Stargazing scientist explains how to watch the 2018 meteor showers over Hertfordshire

PUBLISHED: 12:37 14 November 2018 | UPDATED: 12:48 14 November 2018

Astrophysicist Dr Sam Rolfe at the Bayfordbury observatory. Picture: DANNY LOO

Astrophysicist Dr Sam Rolfe at the Bayfordbury observatory. Picture: DANNY LOO

©2018 Archant

We asked a University of Hertfordshire astrophysicist for expert advice on watching incredible meteor showers in the night sky this weekend.

Astrophysicist Dr Sam Rolfe at the Bayfordbury observatory. Picture: DANNY LOOAstrophysicist Dr Sam Rolfe at the Bayfordbury observatory. Picture: DANNY LOO

Dr Sam Rolfe was six years old when she first got inspired to study the wonders of the universe.

“My parents used to take myself and my brother in what seemed like the dead of night - but it was probably about 8pm! - to see meteor showers and comets. Phenomena that you wouldn’t necessarily see unless someone took you.”

The experiences filled the young Sam with a sense of awe, “like there was something bigger around me, more than the day-to-day.”

Now at the wise old age of 31, she’s armed with a PhD and has Herts University’s Bayfordbury Observatory at her disposal.

Astrophysicist Dr Sam Rolfe at the Bayfordbury observatory. Picture: DANNY LOOAstrophysicist Dr Sam Rolfe at the Bayfordbury observatory. Picture: DANNY LOO

She has told us the best way to catch some breathtaking spectacles of the night sky.

Over late summer and autumn, waves of meteor showers called the Perseids, the Orionids and the Leonids pass overhead, creating an awesome show - if you know how to look.

Strictly speaking, meteors are divided into three categories: meteoroids - when they’re still in space; meteors - when they hit Earth’s atmosphere; and meteorites - if they hit the ground.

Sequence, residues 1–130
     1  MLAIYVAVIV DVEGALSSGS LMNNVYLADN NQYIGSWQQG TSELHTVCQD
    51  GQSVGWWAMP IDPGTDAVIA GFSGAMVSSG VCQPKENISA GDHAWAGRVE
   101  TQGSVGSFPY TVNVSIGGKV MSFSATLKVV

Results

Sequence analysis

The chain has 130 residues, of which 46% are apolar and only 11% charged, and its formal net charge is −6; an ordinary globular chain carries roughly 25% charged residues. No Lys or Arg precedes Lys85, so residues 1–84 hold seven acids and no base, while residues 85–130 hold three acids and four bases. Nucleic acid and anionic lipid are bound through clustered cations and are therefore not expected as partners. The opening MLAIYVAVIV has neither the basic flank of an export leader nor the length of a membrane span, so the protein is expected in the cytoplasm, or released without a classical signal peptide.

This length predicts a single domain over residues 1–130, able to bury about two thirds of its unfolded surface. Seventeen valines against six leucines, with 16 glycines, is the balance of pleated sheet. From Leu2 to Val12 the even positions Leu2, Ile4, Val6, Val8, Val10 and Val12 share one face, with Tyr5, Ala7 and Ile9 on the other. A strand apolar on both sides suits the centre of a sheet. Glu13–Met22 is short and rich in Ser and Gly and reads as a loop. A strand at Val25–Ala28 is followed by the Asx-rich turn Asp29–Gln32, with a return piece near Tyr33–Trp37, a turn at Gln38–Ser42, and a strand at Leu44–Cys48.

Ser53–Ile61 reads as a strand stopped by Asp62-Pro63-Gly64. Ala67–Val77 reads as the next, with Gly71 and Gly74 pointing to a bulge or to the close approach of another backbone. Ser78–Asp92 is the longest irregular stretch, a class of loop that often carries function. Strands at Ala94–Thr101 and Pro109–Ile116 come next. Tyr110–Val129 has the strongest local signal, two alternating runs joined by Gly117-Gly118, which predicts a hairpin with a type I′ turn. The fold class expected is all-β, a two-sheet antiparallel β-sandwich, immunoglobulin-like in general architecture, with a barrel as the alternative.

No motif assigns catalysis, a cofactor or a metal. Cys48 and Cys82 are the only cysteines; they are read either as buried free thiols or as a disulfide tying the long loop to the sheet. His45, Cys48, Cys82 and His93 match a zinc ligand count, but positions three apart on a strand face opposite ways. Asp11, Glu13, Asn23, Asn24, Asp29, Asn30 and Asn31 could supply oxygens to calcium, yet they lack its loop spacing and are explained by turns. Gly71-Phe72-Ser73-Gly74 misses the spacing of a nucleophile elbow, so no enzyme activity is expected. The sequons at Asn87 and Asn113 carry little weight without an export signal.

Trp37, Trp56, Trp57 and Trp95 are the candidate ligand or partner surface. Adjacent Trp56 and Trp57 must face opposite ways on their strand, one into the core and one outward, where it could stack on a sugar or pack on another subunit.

Meteors are the detritus that a comet emits as it passes through the earth’s atmosphere.

Comets are like ‘dirty snowballs’ of matter - and they trail grit as their orbit makes them get warmed by the Sun.

So amazingly, many of those bright meteors visible high above are no bigger than a grain of sand.

“It does seem kind of impossible,” said Dr Rolfe, explaining that the bright trails you see in the sky are the air heating up around the specks of matter.

It’s this that gives us the ‘shooting stars’ that whisk past, and this Friday and Saturday (November 17 and 18), the Leonids will reach their peak - perfect timing for a little late-night stargazing.

“With any meteor shower you don’t need any specialised equipment,” said Dr Rolfe. “It’s one of the easiest things to see.”

But there are definitely ways to improve your chances, and if you’re lucky this weekend you could see between 10 to 15 meteors per hour.

That’s an awful lot of wishes.

Dr Rolfe’s tips for watching the Leonids:

• If possible, head south of your town or village, avoiding light pollution by keeping the town behind your field of vision. Don’t worry if you can’t travel, though - there will still be an impressive show from your back garden.

• Take warm clothes - and a deckchair to avoid neckache! “It’s quite painful after a while of looking straight up!” said Dr Rolfe. You can also simply lie down on the ground.

• Go after midnight, when the show really starts. “It’s to do with the position of the dust in space,” she said.

“After midnight is when the Earth hits the most dense part of that cloud, so we see more meteors then.”

• Widen your focus and peace out. “Try and get as much of the sky in your vision as possible,” said Dr Rolfe.

“You almost want to zone out - well, as if you were staring into space!

“You don’t want to focus on one part of the sky, you want to pan around and try to appreciate the whole of your vision.

“They should come from behind you and over your head.”

When she’s not helping our readers get the best out of the meteor showers, Dr Rolfe is teaching undergraduates and tending the equipment at Bayfordbury, where she does her cutting-edge research.

For her PhD, Dr Rolfe researched “something to do with finding life on Mars,” as she put it, meaning she gets endless David Bowie jokes.

“There could be worse songs, to be fair,” she said.

Dr Rolfe loves how the appeal of the Leonids, Perseids and Orionids can help get young people into science, and aside from her research, much of her work is in outreach.

“One of the things I think is really important is the gap between people thinking scientists are these super duper clever unapproachable people in lab coats - that is not so useful,” she said.

“Any question about day to day phenomena all comes down to science, and we shouldn’t be discouraged. It’s just about being interested in something.”

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